Mark Twain's Huck Finn, the true sign of maturity?

Essay by Paul Hanson November 1996

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'To live with fear and not be afraid is the greatest sign of maturity.' If this is true, then Mark Twain's Huck Finn is the greatest example of maturity. Huck is the narrator of Twain's book, The Adventures of Huckleberry Finn. In the book Huck, a young boy from the American South, travels down the Mississippi River with a runaway slave. The two encounter many adventures and meet many different people. Along the way, not only does Huck mature, but he also becomes a kind and loyal person, sometimes going against the values of society. This is shown through his many experiences with the Duke and the King, the Peter Wilk's scam, and Jim.

Huck displays his kindness when he picks up two strangers and lets them travel with him and Jim. 'Here comes a couple of men tearing up the path...They begged me to save their lives and wanted to jump right in...I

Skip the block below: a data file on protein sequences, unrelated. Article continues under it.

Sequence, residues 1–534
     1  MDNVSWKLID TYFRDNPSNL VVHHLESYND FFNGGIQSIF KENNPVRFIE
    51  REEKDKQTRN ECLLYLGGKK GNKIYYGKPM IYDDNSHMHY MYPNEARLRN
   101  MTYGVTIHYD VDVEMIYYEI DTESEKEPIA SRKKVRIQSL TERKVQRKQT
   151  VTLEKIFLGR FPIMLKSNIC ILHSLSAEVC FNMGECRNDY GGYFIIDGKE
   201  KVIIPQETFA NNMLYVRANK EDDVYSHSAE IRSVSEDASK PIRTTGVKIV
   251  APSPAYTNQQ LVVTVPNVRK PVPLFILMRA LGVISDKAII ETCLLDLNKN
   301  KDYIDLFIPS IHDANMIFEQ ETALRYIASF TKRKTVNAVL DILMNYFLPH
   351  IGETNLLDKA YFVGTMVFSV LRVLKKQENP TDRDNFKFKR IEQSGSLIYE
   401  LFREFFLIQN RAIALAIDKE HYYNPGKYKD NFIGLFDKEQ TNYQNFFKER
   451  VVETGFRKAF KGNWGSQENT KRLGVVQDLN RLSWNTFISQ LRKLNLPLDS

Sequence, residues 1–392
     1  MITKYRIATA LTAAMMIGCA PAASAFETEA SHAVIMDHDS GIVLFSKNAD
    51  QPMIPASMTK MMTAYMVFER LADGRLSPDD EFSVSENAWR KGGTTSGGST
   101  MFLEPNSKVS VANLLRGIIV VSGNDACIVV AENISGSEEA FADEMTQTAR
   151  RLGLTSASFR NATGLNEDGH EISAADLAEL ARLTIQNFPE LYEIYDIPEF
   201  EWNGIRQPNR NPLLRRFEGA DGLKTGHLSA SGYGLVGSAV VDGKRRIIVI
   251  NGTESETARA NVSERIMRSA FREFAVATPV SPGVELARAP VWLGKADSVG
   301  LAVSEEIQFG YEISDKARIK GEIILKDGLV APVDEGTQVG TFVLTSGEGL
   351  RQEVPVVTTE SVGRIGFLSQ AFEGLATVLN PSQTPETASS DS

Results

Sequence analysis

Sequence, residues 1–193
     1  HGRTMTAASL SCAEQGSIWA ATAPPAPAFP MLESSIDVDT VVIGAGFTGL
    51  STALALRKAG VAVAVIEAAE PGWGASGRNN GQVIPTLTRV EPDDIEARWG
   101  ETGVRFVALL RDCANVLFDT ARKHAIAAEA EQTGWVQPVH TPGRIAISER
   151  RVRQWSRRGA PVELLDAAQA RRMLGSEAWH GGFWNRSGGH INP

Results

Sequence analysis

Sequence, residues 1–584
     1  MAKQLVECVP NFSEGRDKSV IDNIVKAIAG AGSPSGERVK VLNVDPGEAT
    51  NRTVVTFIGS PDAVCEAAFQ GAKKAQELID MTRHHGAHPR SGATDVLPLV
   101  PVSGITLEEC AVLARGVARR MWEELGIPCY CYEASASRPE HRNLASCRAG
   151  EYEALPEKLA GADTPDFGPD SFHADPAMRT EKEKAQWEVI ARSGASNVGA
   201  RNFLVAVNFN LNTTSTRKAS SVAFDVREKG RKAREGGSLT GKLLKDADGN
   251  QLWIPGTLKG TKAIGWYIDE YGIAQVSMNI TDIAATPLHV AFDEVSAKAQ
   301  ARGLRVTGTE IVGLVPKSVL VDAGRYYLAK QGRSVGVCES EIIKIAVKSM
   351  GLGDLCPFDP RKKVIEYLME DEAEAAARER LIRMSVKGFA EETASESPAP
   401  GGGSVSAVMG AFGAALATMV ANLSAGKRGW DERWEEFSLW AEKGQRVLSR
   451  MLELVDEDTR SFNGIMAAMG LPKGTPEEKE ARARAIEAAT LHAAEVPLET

says:...Wade down to me and get in.' (19). These two men are complete strangers, and Huck knows that they are being chased, so they are obviously troublemakers. Yet he takes them in, and welcomes them aboard, showing great compassion. Later, the two men lie to Huck and Jim. Huck does not say a thing, though he realizes they are lying. 'But I never said nothing, never let on; kept it to myself; it's the best way; then you don't have no quarrels, and don't get into no trouble...I hadn't no objections, 'long as it would keep peace in the family.' (19). It is now clear to Huck that these men are not going to be a blessing to him and Jim. Still, he never says a thing, and just wants to have a friendly atmosphere between all of them. He goes as far as to refer...